This is only sustainable to the extent that we have practices that allow us to integrate our shadow and continually make the unconscious conscious.

To the extent that we do not do so, our unconscious forces will be acted out against our will.

As Carl Jung said, “Until you make the unconscious conscious, it will direct your life and you will call it fate.”

That is why I’ve been inspired to curate a once-in-a-lifetime experience centered around reclaiming soulful living by reawakening awe and cultivating true spirituality.

Effective therapy can change your life.

At My LA Therapy, our mission is to help you become more empowered, awake, and alive.

On this week’s episode of Waking Up, I had the absolute privilege of sitting down with Zen meditation teacher, author, and poet Henry Shukman.

We discuss topics such as the similarities and differences between spirituality and psychology, non-dual awareness and the ego, parallels between Internal Family Systems Therapy and mindfulness, Henry’s spontaneous awakening experience, spiritual bypass, and what it means to have an authentic relationship to spirituality.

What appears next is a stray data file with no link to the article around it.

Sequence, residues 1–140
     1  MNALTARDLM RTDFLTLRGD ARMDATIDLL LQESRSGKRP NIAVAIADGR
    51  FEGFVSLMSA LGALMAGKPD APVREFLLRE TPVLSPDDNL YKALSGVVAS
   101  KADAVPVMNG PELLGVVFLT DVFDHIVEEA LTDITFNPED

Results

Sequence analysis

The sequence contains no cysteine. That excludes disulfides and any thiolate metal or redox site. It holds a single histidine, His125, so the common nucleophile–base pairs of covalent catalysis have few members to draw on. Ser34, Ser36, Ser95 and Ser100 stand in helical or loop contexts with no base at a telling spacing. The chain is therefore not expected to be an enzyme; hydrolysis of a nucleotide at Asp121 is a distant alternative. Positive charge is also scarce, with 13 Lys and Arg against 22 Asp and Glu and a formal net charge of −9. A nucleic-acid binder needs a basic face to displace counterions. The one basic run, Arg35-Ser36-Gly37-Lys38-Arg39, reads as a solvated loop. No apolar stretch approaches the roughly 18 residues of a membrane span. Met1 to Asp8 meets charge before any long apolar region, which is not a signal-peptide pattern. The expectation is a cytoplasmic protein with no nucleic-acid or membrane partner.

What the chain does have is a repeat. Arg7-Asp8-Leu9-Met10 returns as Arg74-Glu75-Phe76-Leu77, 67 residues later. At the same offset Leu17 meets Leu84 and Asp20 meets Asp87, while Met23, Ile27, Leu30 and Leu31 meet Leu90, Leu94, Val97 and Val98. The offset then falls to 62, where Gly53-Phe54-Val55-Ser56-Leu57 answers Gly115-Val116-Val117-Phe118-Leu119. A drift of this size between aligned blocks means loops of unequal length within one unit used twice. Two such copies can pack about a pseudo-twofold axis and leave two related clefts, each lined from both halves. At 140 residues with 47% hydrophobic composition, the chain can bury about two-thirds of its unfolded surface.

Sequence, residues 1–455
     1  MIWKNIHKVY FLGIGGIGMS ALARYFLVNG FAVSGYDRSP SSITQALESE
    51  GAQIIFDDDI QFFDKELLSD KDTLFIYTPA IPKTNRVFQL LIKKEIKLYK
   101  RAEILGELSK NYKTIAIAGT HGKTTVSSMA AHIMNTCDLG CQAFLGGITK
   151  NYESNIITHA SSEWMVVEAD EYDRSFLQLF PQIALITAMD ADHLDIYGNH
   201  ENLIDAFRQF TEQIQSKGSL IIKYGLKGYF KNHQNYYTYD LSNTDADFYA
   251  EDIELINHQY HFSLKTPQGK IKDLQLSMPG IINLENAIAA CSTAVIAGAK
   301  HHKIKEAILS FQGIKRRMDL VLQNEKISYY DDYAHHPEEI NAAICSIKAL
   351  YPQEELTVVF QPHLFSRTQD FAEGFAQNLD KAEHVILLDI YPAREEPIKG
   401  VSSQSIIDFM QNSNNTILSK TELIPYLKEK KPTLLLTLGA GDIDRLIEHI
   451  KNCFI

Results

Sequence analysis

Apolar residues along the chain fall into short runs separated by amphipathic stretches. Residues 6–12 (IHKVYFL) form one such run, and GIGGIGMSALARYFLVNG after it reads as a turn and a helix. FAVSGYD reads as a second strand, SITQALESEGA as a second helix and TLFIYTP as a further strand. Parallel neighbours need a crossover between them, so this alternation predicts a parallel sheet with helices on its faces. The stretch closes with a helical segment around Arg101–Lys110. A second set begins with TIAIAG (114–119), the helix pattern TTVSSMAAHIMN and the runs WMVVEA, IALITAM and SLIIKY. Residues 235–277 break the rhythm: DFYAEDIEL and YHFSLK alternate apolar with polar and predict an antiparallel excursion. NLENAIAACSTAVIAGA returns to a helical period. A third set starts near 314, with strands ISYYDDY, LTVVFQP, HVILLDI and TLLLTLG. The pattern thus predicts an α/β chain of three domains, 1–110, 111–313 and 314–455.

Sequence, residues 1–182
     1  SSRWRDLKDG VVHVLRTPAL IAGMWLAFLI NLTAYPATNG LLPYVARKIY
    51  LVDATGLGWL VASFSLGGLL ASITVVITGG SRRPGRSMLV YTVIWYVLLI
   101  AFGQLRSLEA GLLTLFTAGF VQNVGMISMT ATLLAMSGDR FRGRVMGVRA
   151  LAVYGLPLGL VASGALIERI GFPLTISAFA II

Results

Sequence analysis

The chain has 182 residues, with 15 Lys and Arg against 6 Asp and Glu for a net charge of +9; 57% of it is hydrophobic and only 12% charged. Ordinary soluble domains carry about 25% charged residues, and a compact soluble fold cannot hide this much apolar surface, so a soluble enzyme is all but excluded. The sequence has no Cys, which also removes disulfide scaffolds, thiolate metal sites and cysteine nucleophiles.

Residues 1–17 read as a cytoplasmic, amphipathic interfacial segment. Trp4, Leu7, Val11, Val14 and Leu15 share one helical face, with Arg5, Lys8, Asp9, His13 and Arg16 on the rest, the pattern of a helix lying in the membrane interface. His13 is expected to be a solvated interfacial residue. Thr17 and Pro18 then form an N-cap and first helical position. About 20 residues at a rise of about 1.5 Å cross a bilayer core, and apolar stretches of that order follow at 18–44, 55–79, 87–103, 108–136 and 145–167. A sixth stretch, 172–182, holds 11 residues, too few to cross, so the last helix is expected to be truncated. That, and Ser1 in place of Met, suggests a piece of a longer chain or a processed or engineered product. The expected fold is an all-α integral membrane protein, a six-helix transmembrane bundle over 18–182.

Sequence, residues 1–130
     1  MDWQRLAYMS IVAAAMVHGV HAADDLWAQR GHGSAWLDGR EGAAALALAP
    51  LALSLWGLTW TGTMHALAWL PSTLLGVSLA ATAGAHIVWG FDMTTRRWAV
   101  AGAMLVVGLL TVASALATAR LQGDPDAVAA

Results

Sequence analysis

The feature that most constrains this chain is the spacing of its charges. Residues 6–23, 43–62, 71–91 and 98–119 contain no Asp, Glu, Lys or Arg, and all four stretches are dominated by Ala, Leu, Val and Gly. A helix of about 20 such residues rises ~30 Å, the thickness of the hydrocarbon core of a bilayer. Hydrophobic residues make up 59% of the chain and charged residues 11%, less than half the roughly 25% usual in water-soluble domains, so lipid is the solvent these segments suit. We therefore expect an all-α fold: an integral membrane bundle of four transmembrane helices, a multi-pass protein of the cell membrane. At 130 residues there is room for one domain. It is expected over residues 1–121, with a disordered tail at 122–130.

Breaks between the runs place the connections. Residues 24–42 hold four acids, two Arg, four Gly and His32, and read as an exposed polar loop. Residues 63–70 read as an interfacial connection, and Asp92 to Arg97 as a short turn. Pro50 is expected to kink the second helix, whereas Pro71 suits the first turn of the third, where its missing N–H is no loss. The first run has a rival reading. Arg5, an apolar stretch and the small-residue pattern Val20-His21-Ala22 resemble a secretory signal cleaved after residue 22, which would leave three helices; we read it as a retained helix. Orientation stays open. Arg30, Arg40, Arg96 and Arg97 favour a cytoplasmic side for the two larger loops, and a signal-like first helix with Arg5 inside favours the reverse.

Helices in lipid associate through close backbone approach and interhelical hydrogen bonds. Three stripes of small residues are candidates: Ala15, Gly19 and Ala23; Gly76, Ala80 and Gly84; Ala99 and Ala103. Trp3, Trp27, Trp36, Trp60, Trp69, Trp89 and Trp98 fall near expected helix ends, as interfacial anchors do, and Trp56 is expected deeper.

Henry is one of those people who deeply embodies kindness and presence, and is also very open about his own struggles and difficulties. He’s exactly the kind of person I love to learn from, because it’s clear that he is truly walking the walk, not just talking the talk.

I hope you’ll enjoy getting to learn from him as much as I did.

Listen to this podcast on:


I just I just kind of disappeared and became part of the whole universe I knew


that that’s what I’d always been and it was it was a kind of infinite healing it


was it was indescribably beautiful and clearly you know without doubt I knew


like the most important thing that had ever happened to me to the point where I could have died that night and known


that my life was fulfilled [Music]


foreign [Music] up with Brook sprawl my guest today is


the wonderful Henry shookman Henry welcome thanks so much for having me it’s great to be with you yeah so lovely to connect